The ongoing recession is forcing more and more LE agencies to cut services and personnel at unprecedented levels. In the six months since my March 5, 2010 blog "Can Your SWAT Team Survive the Great Recession?" the troubling economy has gone from bad to worse. Particularly in the bankrupt city of Vallejo, Calif.
Vallejo declared bankruptcy in May 2008, and by March 2010 the Vallejo Police Department had been forced to lay off 48 police officers. None have been rehired, and most have gone to work for other LE agencies.
Since March, approximately 12 more officers have also been laid off. So have a number of other city employees. And there have been dramatic cuts in city services, including the closing of two fire stations.
Then, in July 2010, Vallejo PD announced even more cuts that would go into effect. VPD road patrol officers would be going from one- to two-officer cars for officer safety reasons, now that Vallejo PD is down to only 95 officers from its previous 150. The hope is the latest round of cuts will avoid more VPD layoffs -- for now. In addition, paid overtime has been drastically reduced.
Vallejo Police also announced, effective July 31st, the 90-day "suspension" of all but one K-9 team and the entire 17-officer SWAT team. Both "suspensions" will be reevaluated after 90 days. No promises are being made for the future of either.
One K-9 team remains, with the hope that "outside" funding will somehow be found. It should be noted that it was only a few years ago when benevolent private groups raised funds to obtain donated K-9 armor to protect the VPD, and other LE agencies', K-9's. This, after the 2000 slaying of a Vallejo Police K-9 officer/handler and the critical wounding of his K-9 dog partner.
Vallejo, the largest city in Solano County (north of San Francisco), is a city of 116,000, the county seat, with a crime rate that keeps Vallejo PD "busy," often making the news for some spectacular crime.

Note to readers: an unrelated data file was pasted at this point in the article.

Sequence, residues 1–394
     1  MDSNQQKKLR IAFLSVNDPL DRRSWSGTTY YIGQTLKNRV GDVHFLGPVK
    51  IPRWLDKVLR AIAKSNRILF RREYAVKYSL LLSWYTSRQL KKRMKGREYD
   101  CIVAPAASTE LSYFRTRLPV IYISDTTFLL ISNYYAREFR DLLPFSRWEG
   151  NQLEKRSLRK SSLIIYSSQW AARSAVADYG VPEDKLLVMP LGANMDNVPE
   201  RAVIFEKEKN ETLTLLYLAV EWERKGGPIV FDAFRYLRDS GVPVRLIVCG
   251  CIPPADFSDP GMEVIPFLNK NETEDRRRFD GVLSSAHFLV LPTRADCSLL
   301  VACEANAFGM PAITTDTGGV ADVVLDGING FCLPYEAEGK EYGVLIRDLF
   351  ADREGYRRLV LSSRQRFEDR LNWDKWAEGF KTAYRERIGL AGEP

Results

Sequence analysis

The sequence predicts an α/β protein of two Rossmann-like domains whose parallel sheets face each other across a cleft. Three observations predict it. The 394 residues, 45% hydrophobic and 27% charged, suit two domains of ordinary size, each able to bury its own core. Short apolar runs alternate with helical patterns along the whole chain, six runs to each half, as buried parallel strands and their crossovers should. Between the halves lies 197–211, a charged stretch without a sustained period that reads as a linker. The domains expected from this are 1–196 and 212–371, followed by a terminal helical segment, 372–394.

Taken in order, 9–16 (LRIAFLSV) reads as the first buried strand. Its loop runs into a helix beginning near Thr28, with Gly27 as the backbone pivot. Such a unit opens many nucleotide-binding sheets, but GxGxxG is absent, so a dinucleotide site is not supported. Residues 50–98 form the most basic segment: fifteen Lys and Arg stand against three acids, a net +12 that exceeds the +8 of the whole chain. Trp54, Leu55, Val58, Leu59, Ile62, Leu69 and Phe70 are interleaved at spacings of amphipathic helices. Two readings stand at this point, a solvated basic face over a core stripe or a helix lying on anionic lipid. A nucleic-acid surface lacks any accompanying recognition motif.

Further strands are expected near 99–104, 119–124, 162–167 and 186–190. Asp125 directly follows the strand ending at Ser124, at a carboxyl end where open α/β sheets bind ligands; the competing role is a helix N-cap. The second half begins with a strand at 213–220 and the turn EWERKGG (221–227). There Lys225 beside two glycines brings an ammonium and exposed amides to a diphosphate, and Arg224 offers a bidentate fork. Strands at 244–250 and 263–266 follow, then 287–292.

The 17-officer Vallejo PD SWAT team combines with neighboring Benicia PD's six-officer SWAT team for callouts. However, the "suspension" of Vallejo PD's SWAT team means Benicia PD SWAT must rely on Solano County Sheriff's Department SWAT for assistance with callouts in the future.
This means Solano County SD, which is facing its own slashed budget, will now be stretched to the limit handling SWAT callouts in both "active" Vallejo and Benicia.
One result of Vallejo's ongoing bankruptcy troubles is something of a "ripple effect" involving both Benicia and all of Solano County. Meanwhile, as the threat of more layoffs within VPD continues to loom, the number of VPD officers looking to go elsewhere also continues.
Vallejo is far from alone in feeling the adverse effects of this lingering recession. The Bay Area city of San Carlos, Calif., recently disbanded both its entire police and fire departments. San Carlos police and fire services are now supplied by the county.
The recession has dealt a severe economic blow to the entire state of California, affecting the counties and cities. With no end in sight anytime soon, the saying "Do more with less" has never been truer than it is today.
The reality is California is also far from alone in feeling the economic effects from this recession. No doubt what's occurring in California is also happening throughout most of America today. All of law enforcement is being forced to make drastic cuts everywhere, across the board.
SWAT is no exception, as the Vallejo SWAT experience has shown. The message to SWAT teams everywhere is crystal clear: You need to do something to preserve your team now. Because if you don't someone else will do if for you. And it's a guarantee you won't like the results.
So, if you can see storm clouds looming on your SWAT horizon, do your best to ensure your team weathers the coming storm.
Let's hope that 90 days from now, we'll read that Vallejo PD SWAT has been reinstated and is back in business again.